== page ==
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Over the past few months I have delivered lectures, presentations and interviews on the Egyptian Revolution. I have had overflowing houses everywhere, been stopped by old ladies in the street and had my hand shaken by numerous taxi drivers and shopkeepers. And all because I'm Egyptian and the glitter of Tahrir is upon me.
They wanted me to talk to them, to tell them stories about it, to tell them how, on the 28th of January when we took the Square and The People torched the headquarters of the hated ruling National Democratic Party, The (same) People formed a human chain to protect the Antiquities Museum and demanded an official handover to the military; to tell them how, on Wednesday, February 2nd, as The People defended themselves against the invading thug militias and fought pitched battles at the entrance to the Square in the shadow of the Antiquities Museum, The (same) People at the centre of the square debated political structures and laughed at stand-up comics and distributed sandwiches and water; to tell them of the chants and the poetry and the songs, of how we danced and waved at the F16s that our President flew over us. People everywhere want to make this Revolution their own, and we in Egypt want to share it.
Ahdaf Soueif - novelist, commentator, activist - navigates her history of Cairo and her journey through the Revolution that's redrawing its future. Through a map of stories drawn from private history and public record Soueif charts a story of the Revolution that is both intimately hers and publicly Egyptian.
Ahdaf Soueif was born and brought up in Cairo. When the Egyptian Revolution of 2011 erupted on January 25th, she, along with thousands of others, called Tahrir Square home for eighteen days. She reported for the world's media and did - like everyone else - whatever she could.
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Captures the intoxicating romance of the weeks when anything seemed possible. Soueif writes with verve and passion, offering the authentic voice of the liberal Egyptian who risked everything because she wanted her country to have freedom and democracy (Daily Telegraph)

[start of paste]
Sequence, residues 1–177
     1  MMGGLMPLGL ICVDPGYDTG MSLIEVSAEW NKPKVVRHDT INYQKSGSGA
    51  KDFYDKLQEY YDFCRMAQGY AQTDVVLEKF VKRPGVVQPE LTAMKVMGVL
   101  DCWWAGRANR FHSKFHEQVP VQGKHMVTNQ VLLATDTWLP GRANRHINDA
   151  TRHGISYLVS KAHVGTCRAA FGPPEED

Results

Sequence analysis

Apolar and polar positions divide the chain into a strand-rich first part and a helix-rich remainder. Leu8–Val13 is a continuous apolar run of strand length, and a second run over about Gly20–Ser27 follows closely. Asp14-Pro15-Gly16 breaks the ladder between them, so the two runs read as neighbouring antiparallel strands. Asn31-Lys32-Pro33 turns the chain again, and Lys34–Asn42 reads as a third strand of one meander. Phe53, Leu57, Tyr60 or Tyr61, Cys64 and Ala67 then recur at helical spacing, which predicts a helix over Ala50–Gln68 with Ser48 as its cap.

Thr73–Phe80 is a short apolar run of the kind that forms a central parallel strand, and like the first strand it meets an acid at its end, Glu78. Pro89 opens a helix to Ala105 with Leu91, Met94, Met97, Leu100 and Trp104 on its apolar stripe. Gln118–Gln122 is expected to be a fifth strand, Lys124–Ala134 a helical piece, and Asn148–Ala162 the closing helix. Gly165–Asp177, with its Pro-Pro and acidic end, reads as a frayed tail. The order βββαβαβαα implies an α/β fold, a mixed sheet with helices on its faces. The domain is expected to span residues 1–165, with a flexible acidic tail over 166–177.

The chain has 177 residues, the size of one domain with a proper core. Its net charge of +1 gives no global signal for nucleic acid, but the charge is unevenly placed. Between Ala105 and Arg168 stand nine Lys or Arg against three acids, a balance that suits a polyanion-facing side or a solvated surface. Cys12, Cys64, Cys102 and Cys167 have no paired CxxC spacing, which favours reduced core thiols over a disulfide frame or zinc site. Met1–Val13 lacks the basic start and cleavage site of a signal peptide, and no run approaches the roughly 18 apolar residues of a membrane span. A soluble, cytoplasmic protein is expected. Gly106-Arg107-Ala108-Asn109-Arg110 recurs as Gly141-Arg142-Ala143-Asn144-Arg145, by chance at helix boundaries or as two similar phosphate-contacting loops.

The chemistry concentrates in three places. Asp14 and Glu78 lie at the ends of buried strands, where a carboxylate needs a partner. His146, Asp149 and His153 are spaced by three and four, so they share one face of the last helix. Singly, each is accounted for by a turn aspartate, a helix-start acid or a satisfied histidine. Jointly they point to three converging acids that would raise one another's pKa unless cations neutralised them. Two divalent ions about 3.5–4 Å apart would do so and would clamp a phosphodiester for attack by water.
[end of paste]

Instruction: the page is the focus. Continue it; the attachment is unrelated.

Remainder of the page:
Conveys what it felt like to be in Tahrir Square, to face the police on the Nile bridges, to stumble into makeshift hospitals filled with bloodied youths. [Ahdaf Soueif] has an eye for ephemera at the edge of a vast stage. The reader gets a visceral sense of the dislocation the revolutionaries felt in their own city ... In years to come it will be a reminder to liberals - now once again in the opposition following the recent election victory of Egypt's Islamists - of their most glorious hour. It should serve as a heartening reminder of what they are capable of achieving when united and courageous (The Economist)
Bursts of lyricism, poetry and love illuminate the factual account and political commentary, and it works beautifully ... The immediacy is palpable. Read this book (Louisa Young Independent)
There are many records of the Egyptian revolution, but Cairo takes us on a more intimate journey; one that goes far beyond the 18 days of Tahrir Square ... [Ahdaf Soueif] speaks of her own story but also speaks for thousands, perhaps even millions of other Cairenes ... Compelling (Guardian)
'Soueif is a political analyst and commentator of the best kind' (London Review of Books)
The story of the revolution and a personal journey into the city of Ahdaf Soueif's childhood
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Book Description Bloomsbury Publishing, 2012. Paperback. Condition: New. No.1 BESTSELLERS - great prices, friendly customer service â€" all orders are dispatched next working day. Seller Inventory # mon0000550907
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Book Description Bloomsbury Publishing PLC, 2012. Condition: New. book. Seller Inventory # M1408826070